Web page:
The idea for Judeo, though, originated in Philadelphia, with Tigay’s brother Israel, who owned Shouk Restaurant in Queen Village. “He said to me, ‘I would love to hear Jewish music from the Temple era. I could play it in my restaurant.’ I didn’t think much of it until I realized that a lot of the songs I had been composing were from the Temple era, and they had been done in the Temple.”
His plans for a Temple-era album quickly hit a roadblock: Since the playing of instruments had been forbidden during services since the Temple’s destruction, there was precious little to go on for the typical researcher.
Luckily for Tigay, he could draw on the expertise of one of the foremost biblical historians in the United States — his father. With the elder Tigay’s assistance, he was eventually able to create a 10-song playlist that included his interpretations of prayers like Mah Toh Vu, Shema and Hallelujah.
The next challenge: trying to find the modern-day equivalent of reed flutes and lyres — and musicians who could play them. Situated as he was in the music recording capital of the United States, this turned out to be no big deal. Tigay was even able to find people who could play the santur, a steel-stringed harp, and the ney, the aforementioned flute. And in a bit of ecumenical dovetailing for Tigay, who felt strongly from the beginning that Judeo could hold appeal for an audience beyond the Jewish community, the only musicians who could play the instruments turned out to be Muslims and Christians.
Despite the fact that his album was composed of 2,000-year-old songs, Tigay was adamant that it not sound dated, but, rather, timeless. “I didn’t want this to be one of those records in the library at Penn, where my professors would tell me to go listen to what Renaissance music sounded like. You listen to it, and you say, ‘OK — boring.’ I wanted to make something that people would love, where they would feel the presence of something greater and, most importantly, that they could use to reanimate and reinvigorate the joy of the service.”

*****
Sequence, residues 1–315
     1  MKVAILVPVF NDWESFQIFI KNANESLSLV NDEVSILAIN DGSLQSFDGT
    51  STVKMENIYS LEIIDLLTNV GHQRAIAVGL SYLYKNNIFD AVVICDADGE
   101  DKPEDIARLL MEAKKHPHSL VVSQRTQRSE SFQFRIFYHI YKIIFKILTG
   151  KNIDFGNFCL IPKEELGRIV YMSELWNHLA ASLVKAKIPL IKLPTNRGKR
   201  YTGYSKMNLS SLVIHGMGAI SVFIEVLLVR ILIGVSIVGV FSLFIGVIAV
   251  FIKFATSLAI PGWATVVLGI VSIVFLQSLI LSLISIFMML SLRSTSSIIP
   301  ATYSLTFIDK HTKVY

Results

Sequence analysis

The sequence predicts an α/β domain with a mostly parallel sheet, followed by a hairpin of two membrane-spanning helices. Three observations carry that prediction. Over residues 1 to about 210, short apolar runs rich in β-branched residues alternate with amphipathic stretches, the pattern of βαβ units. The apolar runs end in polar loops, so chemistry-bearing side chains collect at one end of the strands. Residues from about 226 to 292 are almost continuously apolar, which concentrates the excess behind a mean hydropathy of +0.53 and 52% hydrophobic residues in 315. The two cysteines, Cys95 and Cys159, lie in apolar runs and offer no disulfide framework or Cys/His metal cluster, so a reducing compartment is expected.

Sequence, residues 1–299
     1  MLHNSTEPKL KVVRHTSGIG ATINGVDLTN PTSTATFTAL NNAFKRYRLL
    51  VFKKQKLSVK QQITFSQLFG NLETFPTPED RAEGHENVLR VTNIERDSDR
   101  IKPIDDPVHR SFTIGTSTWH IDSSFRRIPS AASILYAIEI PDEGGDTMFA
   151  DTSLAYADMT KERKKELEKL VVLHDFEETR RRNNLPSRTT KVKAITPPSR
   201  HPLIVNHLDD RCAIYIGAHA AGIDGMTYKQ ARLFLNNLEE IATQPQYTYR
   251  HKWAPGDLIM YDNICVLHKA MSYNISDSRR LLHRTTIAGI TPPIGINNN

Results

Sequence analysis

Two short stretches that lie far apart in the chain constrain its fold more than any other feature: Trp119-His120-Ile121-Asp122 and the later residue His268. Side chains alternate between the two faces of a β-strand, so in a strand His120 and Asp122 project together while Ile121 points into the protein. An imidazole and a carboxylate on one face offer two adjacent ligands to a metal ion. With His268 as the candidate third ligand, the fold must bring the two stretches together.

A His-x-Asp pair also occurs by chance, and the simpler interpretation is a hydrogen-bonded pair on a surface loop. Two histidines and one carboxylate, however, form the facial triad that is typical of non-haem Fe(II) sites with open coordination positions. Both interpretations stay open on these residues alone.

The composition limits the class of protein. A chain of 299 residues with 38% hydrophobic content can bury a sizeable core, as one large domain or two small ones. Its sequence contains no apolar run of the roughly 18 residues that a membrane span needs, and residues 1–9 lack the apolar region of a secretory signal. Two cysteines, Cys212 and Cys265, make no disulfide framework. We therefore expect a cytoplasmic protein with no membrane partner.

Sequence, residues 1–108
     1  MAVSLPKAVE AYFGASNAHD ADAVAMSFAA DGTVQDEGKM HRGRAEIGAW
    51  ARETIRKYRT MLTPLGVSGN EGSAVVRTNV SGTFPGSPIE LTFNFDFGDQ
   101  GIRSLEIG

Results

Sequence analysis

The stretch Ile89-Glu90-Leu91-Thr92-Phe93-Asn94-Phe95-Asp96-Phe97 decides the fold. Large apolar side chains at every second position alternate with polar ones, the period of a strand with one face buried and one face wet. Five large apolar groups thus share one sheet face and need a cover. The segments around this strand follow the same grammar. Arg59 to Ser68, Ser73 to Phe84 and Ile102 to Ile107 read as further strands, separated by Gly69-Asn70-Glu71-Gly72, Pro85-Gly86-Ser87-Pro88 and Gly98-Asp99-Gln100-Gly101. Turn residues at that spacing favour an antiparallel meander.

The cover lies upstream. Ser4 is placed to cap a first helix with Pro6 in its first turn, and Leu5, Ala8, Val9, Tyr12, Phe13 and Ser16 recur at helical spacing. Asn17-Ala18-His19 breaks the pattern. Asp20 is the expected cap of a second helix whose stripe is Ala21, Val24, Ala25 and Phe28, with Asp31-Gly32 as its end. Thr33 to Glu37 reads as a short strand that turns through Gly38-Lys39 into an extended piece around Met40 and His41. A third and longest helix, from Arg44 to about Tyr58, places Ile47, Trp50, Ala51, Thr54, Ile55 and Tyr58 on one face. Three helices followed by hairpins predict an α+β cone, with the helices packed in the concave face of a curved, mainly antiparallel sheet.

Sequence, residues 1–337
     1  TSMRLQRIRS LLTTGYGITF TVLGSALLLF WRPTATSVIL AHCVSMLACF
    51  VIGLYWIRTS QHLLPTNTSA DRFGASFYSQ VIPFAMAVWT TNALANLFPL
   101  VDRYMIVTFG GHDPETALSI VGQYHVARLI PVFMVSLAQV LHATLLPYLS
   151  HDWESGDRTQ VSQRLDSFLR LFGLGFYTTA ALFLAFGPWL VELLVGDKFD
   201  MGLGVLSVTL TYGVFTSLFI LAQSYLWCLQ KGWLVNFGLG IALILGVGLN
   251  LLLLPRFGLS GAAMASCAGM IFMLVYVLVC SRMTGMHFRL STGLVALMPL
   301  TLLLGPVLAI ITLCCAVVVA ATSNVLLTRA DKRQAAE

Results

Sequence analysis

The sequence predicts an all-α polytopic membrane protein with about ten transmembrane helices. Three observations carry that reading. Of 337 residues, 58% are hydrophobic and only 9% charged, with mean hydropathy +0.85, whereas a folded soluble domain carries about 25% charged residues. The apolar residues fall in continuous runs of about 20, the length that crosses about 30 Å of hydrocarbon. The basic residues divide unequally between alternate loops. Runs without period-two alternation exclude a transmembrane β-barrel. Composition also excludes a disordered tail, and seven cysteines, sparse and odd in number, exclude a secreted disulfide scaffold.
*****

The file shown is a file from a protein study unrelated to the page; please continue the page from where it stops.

And indeed, the music of Judeo is intoxicating in an exotic yet familiar way. Tethered to the instantly recognizable words are soundscapes influenced by Ladino standards, Peter Gabriel, The Smiths — even traditional Sufi music, which Tigay likes to use because “their big, heavy, slow beats have a meditativeness that helps create a spirituality.”
The result is a collection that engrosses far beyond the confines of the synagogue — for fans of world music, Judeo will be a welcome addition to their collection.
The initial success of the album has accelerated the number of requests he receives from other congregations interested in playing his arrangements. “It’s a high compliment,” he acknowledges. Accordingly, he freely provides the arrangements to anyone who requests them. “I just want to spread the love. What happens at IKAR every week is just magical. It’s an outpouring of love, emotion and depth. I would love to see that spread.”
While he won’t be spreading the magic through concert performances anytime soon — a full live production would be prohibitively expensive at this point — Tigay has one performance circled in ink on his calendar: the Conservative Movement’s Centennial in Baltimore this fall. In the meantime, he continues to explore ways to raise funds to put on live shows, promote Judeo and to record his next album. “People are funding schools and programs, saying that they are really important — well, this can help synagogue life, and it can help unaffiliated Jews feel a connection to their heritage.”
Judeo is available at www. Judeorecord.com